People with mild asthma are often prescribed a daily treatment regimen, but up to 80 per cent do not follow the routine, using inhalers only when they have an asthma attack. Now the researchers have found an as-needed combined-drug inhaler is a viable treatment option.


The opioid epidemic has boosted the number of organs available for transplant



Posted: 16 May 2018 02:22 PM PDT


The researchers examined 17 years of transplantation records and found no significant change in the recipients' chance of survival when the organ donation came from victims of drug intoxication.


Cannabidiol significantly reduces seizures in patients with severe form of epilepsy



Posted: 16 May 2018 02:22 PM PDT


Cannabidiol (CBD), a compound derived from the cannabis plant that does not produce a 'high,' was shown in a new large-scale, randomized, controlled trial to significantly reduce the number of dangerous seizures in patients with a severe form of epilepsy called Lennox-Gastaut syndrome. This study also is the first to offer information on cannabidiol dosing for patients with treatment-resistant epilepsy.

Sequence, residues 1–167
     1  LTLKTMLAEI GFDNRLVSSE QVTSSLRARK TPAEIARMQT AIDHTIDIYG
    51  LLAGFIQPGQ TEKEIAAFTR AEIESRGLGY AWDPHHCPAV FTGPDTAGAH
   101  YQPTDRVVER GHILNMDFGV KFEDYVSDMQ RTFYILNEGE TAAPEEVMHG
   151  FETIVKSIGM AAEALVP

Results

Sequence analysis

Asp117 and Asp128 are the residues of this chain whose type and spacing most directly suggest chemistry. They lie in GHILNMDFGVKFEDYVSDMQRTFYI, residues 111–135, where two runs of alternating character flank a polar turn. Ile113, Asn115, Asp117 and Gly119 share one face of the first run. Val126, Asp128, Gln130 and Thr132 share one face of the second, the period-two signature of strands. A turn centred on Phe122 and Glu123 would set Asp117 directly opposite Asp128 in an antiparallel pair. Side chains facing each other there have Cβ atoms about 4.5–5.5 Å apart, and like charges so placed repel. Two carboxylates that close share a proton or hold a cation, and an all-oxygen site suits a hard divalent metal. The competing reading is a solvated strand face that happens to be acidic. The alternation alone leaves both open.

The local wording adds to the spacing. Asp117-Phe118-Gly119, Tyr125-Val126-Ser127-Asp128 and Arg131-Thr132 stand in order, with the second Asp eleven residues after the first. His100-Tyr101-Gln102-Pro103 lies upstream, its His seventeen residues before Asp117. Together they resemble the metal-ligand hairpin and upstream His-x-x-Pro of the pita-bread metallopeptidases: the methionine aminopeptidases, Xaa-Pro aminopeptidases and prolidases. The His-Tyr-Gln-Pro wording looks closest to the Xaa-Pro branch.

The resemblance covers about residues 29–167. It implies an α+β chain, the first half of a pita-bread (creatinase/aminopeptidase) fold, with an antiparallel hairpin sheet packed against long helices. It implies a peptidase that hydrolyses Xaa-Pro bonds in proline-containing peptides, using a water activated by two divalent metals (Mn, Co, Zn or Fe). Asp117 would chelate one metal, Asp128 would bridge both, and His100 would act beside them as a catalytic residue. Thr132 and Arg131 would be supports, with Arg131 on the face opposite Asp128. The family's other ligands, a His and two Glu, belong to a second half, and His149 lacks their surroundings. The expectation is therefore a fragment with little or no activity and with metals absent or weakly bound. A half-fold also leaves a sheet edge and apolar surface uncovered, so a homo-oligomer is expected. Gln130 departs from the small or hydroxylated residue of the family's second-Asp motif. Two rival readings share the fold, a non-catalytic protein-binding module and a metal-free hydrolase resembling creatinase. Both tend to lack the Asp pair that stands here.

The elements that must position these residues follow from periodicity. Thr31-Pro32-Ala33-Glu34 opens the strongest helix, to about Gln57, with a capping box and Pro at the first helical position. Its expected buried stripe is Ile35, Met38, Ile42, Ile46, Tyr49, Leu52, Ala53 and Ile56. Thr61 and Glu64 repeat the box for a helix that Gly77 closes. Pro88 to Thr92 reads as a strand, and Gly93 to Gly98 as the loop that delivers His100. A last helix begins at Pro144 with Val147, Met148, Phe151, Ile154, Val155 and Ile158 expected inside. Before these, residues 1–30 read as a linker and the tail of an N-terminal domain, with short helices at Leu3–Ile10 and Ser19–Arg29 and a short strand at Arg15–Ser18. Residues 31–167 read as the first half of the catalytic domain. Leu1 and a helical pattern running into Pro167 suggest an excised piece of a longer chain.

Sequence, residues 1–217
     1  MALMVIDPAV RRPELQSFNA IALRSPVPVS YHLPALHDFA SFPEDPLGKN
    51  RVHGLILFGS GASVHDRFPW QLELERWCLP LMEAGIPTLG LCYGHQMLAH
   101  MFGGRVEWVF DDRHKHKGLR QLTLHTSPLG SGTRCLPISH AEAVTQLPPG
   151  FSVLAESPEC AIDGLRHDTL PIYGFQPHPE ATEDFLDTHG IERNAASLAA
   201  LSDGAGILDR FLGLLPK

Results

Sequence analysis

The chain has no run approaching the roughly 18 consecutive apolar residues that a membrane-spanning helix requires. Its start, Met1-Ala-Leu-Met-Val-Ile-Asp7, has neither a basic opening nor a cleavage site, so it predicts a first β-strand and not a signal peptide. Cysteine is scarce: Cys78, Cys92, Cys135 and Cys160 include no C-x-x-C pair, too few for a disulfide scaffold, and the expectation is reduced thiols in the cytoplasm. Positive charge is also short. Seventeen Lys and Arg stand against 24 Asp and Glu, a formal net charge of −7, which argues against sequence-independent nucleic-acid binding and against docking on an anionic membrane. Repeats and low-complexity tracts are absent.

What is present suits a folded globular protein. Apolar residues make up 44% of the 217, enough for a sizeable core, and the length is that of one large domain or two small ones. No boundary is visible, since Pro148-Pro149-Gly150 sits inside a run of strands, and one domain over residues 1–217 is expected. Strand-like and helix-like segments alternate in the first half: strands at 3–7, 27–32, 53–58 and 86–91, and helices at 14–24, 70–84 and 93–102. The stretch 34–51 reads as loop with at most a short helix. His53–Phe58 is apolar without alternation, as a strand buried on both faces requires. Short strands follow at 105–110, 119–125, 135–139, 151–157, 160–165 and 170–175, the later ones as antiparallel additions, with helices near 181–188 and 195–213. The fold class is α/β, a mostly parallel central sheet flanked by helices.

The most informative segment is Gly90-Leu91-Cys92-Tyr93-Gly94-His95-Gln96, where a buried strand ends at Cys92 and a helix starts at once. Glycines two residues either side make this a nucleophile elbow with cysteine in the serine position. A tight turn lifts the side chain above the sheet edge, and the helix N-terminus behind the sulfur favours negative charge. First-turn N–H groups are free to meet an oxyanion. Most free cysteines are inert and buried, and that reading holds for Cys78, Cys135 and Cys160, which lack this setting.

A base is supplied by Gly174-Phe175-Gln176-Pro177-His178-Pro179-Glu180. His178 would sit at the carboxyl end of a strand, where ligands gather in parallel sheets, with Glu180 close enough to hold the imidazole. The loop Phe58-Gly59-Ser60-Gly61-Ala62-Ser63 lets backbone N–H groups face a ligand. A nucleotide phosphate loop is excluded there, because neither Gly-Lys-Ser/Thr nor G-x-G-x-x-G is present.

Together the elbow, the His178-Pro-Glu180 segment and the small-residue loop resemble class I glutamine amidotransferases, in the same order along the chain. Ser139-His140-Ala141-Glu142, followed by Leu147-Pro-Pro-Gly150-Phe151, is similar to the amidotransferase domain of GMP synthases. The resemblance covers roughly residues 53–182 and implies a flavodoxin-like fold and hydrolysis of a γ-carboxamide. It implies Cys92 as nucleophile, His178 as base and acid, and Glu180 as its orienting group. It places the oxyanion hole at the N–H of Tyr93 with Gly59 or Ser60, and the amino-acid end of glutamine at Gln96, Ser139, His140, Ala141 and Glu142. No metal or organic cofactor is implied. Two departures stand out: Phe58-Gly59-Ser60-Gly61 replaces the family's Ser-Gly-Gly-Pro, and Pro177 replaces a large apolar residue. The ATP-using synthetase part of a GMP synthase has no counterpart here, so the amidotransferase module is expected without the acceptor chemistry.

Novel therapy inhibits complement to preserve neurons and reduce inflammation after stroke



Posted: 16 May 2018 11:46 AM PDT


Researchers report that, after ischemic stroke, the complement system identifies stressed but salvageable neurons for removal by microglial phagocytosis. To preserve these neurons, the investigators designed a novel therapeutic that targets a complement inhibitor to a damage signal expressed after stroke. A single post-stroke injection protected neurons from microglial attack in a preclinical model, reducing neuronal loss.


Individualized ovarian, brain cancer therapies



Posted: 16 May 2018 10:12 AM PDT